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Those are the opening lines from The Echoing Green, by the English poet, William Blake. The music is by the American composer, William Bolcom, from a recording of his musical adaptations of Blake's Songs of Innocence and Experience -- among the most important poems about childhood in our cultural tradition. The Echoing Green is an appropriate song for the first of May, which has long been a holiday that celebrates nature's renewal. The ancient Romans held a flower festival in honor of the goddess Flora in the spring time. In fact, one of the earliest references we have of people skipping rope comes from Rome, where the practice was thought to be part of a game that young people would play to encourage the growth of crops in the coming summer. The higher you jumped over the rope -- which was made of flowers -- the taller your wheat would be.
The month of May itself is named after the greek Goddess Maya, the mother of the child god Hermes, the little sprout who is full of mischief and magic -- he's the creative life force that rejuvenates a played-out Olympus. In Western Europe in the middle ages, May Day celebrations were the most joyful and spirited of the year. In England, homes were decorated with flowers, trees were carried in from the forest and set up on the "echoing" village greens as May poles around which the whole community danced, braiding garlands of flowers together. As a token of their affections, boys in Germany and Switzerland would plant trees outside the windows of the maidens with whom they were madly in love. Young people in English villages selected a king and queen of the May who ruled over the day's festivities. Other villages collected hawthorne branches for good luck and protection of the home. But you had to be careful with hawthorne to leave it outside the house, and not to sit under it -- it was said that, if you did, the fairies would weave a spell around you. In America, in the towns that survived the Puritan disapproval of May Day festivals, children still make May baskets from paper, fill them with flowers, and hang them from the doorknobs of friends and family on the morning of May Day. And if you go to the Cornish town of Padstow on May 1st, they still perform that ancient galloping dance with that mysterious creature, the hobbyhorse -- thank goodness . . . and Maia.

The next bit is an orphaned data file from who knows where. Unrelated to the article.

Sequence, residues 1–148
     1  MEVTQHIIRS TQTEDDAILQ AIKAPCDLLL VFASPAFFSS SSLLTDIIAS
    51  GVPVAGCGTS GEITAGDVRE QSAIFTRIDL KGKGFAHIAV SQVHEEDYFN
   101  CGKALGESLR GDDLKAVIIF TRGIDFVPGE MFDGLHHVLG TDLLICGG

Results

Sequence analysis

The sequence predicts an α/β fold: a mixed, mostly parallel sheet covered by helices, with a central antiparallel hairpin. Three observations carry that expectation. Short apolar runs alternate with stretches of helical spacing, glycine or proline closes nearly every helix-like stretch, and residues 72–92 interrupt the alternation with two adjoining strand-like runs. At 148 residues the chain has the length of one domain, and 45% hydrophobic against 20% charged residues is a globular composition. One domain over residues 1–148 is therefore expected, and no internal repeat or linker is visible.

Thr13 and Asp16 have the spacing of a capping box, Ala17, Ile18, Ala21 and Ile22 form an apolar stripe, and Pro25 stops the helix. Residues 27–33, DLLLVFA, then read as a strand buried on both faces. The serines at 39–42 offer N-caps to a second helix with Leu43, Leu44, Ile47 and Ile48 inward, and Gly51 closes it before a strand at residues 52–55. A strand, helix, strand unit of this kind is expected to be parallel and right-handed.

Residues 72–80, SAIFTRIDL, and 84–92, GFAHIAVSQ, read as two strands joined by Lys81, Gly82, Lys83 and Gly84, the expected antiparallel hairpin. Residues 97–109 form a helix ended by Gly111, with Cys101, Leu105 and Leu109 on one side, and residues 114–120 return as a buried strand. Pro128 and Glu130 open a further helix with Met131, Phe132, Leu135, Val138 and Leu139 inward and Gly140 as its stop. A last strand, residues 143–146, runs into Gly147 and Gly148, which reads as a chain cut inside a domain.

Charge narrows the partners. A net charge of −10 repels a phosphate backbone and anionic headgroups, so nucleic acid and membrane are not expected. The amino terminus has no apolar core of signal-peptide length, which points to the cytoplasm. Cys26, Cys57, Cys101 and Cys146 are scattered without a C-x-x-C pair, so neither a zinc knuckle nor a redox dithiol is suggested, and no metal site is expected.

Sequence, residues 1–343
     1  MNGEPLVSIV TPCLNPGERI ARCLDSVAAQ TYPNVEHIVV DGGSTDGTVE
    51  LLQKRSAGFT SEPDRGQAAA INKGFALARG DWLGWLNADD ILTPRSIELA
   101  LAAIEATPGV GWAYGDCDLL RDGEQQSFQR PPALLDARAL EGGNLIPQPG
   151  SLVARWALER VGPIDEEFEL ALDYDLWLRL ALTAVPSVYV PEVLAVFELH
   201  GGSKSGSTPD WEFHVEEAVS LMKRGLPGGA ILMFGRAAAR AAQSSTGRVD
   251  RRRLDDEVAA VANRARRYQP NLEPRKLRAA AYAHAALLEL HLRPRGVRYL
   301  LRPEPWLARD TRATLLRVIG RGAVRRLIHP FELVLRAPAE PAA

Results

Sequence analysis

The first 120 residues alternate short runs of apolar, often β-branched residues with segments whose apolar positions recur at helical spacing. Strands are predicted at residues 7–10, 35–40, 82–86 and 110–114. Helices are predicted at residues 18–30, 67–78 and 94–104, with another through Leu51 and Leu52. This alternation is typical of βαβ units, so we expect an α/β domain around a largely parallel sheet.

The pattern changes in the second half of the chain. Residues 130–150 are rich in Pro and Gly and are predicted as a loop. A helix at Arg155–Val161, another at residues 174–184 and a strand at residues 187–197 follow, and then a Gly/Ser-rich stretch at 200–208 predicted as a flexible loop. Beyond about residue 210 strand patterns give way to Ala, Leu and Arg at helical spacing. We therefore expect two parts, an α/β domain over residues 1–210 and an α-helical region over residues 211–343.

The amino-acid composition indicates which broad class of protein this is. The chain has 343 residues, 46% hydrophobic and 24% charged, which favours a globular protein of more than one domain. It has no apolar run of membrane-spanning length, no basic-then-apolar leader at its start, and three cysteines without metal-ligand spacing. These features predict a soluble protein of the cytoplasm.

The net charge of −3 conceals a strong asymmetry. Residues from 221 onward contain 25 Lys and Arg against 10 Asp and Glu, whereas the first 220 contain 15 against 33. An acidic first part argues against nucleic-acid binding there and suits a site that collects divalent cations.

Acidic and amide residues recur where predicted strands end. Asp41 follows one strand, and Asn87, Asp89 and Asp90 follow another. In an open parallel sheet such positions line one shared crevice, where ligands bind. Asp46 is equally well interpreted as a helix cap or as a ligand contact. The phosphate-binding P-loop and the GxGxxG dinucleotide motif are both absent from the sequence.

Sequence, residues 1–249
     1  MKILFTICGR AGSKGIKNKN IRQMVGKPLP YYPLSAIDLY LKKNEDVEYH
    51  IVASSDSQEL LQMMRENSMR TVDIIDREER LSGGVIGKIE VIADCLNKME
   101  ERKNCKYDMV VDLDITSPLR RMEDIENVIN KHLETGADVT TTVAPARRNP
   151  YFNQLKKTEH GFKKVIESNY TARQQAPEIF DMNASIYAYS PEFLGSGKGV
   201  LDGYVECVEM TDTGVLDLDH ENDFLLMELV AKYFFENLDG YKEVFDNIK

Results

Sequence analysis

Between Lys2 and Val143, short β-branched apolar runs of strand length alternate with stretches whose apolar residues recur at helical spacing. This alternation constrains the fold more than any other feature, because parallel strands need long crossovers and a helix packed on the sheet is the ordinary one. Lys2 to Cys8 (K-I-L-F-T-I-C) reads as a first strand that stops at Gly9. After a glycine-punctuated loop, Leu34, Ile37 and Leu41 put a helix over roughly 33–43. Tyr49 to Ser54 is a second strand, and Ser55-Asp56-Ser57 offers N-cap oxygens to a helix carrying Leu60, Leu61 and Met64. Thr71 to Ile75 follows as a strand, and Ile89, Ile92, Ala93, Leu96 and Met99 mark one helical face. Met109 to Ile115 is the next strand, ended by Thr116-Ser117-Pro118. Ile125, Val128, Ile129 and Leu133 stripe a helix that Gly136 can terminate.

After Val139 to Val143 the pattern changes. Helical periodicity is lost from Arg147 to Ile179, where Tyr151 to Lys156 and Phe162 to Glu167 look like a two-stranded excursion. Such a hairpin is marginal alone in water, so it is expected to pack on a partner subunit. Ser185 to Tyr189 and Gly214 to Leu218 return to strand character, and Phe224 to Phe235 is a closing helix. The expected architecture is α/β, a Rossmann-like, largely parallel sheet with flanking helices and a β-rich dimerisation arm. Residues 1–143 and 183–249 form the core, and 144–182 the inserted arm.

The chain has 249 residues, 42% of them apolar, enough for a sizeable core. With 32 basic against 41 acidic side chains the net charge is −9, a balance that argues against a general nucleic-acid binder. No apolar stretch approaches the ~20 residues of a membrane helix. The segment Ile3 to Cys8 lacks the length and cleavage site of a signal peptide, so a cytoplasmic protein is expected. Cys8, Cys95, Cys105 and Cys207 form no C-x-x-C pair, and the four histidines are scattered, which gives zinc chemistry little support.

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Copyright 2006© John Cech
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